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Doug Emhoff hosts virtual White House roundtable with LGBTQ students

2022 marked by anti-LGBTQ bills in state legislatures

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Second gentleman Douglas Emhoff met virtually with LGBTQ high school students after a wave of anti-LGBTQ legislation. (Blade file photo by Lou Chibarro)

With school starting again at the end of summer, second gentleman Douglas Emhoff met virtually with LGBTQ high school students Thursday in a year marked by a wave of anti-LGBTQ legislation in state legislatures, including the “Don’t Say Gay” measure signed into law by Florida Gov. Ron DeSantis.

Emhoff hosted the roundtable with the LGBTQ students to hear “about their back-to-school experience,” and measures advanced by state legislatures were a key component of the conversation, according to a readout of the talk the White House issued on Friday.

“During the meeting, the students shared how legislation in states that targets and discriminates against the LGBTQI+ community has impacted them and their peers,” the readout says. “They referenced Florida’s ‘Don’t Say Gay’ bill and the need to defend and protect LGBTQI+ rights.”

The Biden administration’s work in supporting LGBTQ youth was among the efforts Emhoff highlighted during the virtual meeting, the White House readout says, as well as marks intended to “encourage civic participation among young people and expressed his commitment for ensuring that every young person feels safe and loved for who they are.”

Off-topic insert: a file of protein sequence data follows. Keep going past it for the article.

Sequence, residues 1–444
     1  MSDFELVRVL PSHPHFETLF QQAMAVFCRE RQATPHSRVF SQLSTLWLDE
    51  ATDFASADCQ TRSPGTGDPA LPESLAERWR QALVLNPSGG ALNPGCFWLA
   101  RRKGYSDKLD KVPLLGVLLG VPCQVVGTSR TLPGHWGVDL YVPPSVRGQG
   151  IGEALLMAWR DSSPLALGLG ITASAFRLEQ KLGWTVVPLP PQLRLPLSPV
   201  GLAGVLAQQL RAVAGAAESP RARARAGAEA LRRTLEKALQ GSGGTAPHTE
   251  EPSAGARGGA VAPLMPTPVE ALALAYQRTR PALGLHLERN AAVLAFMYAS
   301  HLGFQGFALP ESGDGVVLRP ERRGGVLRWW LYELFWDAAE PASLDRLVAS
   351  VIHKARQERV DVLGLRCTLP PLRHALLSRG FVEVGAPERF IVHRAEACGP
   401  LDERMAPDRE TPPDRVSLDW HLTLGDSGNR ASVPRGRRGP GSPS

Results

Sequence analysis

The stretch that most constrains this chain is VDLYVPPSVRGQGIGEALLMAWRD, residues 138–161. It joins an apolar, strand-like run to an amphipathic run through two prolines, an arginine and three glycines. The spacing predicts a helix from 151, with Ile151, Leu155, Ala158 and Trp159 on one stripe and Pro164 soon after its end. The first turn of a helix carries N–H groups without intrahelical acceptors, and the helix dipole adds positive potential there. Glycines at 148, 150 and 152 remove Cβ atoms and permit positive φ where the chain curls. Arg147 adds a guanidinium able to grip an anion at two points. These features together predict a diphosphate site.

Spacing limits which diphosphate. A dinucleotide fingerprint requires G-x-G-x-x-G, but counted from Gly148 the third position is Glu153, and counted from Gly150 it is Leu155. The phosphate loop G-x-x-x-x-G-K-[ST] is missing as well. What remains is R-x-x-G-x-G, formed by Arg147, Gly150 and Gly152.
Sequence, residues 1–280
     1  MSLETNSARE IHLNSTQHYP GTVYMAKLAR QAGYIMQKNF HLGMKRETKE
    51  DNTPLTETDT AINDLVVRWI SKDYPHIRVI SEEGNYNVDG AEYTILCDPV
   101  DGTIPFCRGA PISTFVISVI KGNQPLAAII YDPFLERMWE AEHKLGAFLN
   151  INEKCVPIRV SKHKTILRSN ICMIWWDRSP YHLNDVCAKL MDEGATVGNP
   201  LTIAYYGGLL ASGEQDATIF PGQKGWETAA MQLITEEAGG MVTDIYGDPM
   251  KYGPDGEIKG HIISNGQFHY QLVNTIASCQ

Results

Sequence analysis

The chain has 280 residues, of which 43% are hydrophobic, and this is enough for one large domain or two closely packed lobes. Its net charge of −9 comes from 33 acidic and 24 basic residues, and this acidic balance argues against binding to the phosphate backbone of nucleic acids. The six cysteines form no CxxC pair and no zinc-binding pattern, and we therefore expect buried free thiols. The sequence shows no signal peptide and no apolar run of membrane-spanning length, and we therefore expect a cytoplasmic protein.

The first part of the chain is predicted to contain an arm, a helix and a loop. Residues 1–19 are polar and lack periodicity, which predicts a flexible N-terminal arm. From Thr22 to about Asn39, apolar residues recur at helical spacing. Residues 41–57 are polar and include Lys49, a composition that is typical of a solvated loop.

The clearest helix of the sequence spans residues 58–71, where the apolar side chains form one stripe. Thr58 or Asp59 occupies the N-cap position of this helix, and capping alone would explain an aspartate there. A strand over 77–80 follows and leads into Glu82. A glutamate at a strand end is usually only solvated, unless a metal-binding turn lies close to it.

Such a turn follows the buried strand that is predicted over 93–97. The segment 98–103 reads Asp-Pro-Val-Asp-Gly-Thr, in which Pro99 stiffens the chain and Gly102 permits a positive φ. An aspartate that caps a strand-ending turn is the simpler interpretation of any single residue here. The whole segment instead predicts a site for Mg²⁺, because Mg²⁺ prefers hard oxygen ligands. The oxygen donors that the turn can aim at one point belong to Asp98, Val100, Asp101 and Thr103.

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The White House

CBP Commissioner Chris Magnus resigns

The former Tucson, Ariz., police chief is openly gay

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U.S. Customs and Border Protection Commissioner Chris Magnus resigned on Nov. 12, 2022. (YouTube screenshot from KHOU in Houston)

U.S. Customs and Border Protection Commissioner Chris Magnus submitted his resignation to President Joe Biden Saturday evening.

Magnus had reportedly been told earlier in the week by Homeland Security Secretary Alejandro Mayorkas that he should resign or expect to be fired.

Multiple media outlets reported that Magnus said Friday that he had no plans to step down despite being told to resign by Mayorkas.

“I want to make this clear: I have no plans to resign as CBP commissioner,” Magnus said in a written statement to The Washington Post. “I didn’t take this job as a resume builder. I came to Washington, D.C. — moved my family here — because I care about this agency, its mission and the goals of this administration.”

In his letter of resignation released by White House Press Secretary Karine Jean-Pierre, Magnus wrote: “Thank you for the opportunity to serve as your Senate confirmed commissioner of U.S. Customs and Border Protection over the past year. It has been a privilege and honor to be part of your administration.

“I am submitting my resignation effective immediately but wish you and your administration the very best going forward. Thank you again for this tremendous opportunity,” Magnus added.

Pressure on the White House to remove the embattled CBP commissioner came from within the administration as well as from House Republicans on Capitol Hill. Last week a group of House Republicans led by Georgia Congressman Jody Hice sent a letter to the president demanding that he remove Magnus after an article in Politico revealed extreme dissatisfaction within the agency.

“According to a recent report by Politico, Commissioner Magnus continually fails to attend high-level meetings regarding the border crisis. Even worse, he was caught sleeping through some of the meetings he actually attended,” wrote the lawmakers in the letter first reported by the Daily Caller.